Out on Fire Island, there are no cars or other land transportation. To go from town to town, one uses a water taxi for long distances or walks along the beach. But within each town or to neighboring towns, the bicycle is the best way to easily get around.
I mostly use the bike for exercise since there is no fitness center available and the only sport, tennis, is one that I do not play. So each morning, I take a vigorous one-hour bike ride from Fair Harbor to Dunewood and then on to Kismet, broken up into 45 minutes, a break, and 15 minutes.
One particular morning, during my break in Kismet, I rested the bike on its kickstand and it fell over, causing the wheel, fender and chain to rub against each other. I couldn’t ride it. A young man I asked for help had no tools and suggested I go to the guy who rents bikes. When I went to his house, he said, “I rent them; I don’t fix them,” but helpfully suggested I see “Joe who fixes bikes. He’s next walk over and 2 houses down.” Joe wasn’t home but there were some construction workers on the path and one gave it his full attention for about 10 minutes but to no avail. He said there was a “bike fixer” on the corner I could try. In the house of the “bike fixer” were 2 women and a man who told me the one who repairs bikes is not there.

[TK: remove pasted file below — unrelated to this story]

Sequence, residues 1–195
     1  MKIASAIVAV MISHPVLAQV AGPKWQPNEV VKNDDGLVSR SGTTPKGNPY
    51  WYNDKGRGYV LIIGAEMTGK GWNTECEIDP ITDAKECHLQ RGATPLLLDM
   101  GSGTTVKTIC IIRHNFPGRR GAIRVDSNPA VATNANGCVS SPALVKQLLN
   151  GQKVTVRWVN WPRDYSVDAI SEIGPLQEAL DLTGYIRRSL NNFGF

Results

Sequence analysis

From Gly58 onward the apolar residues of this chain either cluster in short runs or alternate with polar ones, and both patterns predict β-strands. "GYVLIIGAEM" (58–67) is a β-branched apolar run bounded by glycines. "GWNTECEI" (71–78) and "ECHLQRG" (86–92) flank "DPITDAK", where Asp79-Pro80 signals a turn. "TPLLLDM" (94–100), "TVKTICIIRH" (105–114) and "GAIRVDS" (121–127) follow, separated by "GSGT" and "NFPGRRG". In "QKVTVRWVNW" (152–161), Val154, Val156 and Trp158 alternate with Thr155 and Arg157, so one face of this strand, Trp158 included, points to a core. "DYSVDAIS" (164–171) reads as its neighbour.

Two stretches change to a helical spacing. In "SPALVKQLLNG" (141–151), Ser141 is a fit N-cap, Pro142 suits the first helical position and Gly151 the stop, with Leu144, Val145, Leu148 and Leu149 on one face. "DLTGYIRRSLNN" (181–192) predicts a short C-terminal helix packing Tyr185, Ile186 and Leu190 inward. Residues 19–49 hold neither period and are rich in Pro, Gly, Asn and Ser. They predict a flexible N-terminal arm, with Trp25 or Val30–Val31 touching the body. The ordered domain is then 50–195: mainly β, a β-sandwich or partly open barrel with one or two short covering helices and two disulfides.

My last hope was that the kind men at the fire station would do something for me. Unfortunately, it’s a volunteer fire dept and no one was there.
Resigned to having to basically drag the bike a mile back to Fair Harbor, I gave one more try and asked other construction workers across from the fire station. One said, “Here comes my boss, he’s the mechanic.”
Sure enough, the boss, who began as a bike repairman 30 years ago in Kismet, turned the bike over, got a wrench from a workman, and I was on my way! Such is the level of helpfulness … not one person ignored my plea; everyone gave it a good try, and all out of the goodness of their hearts!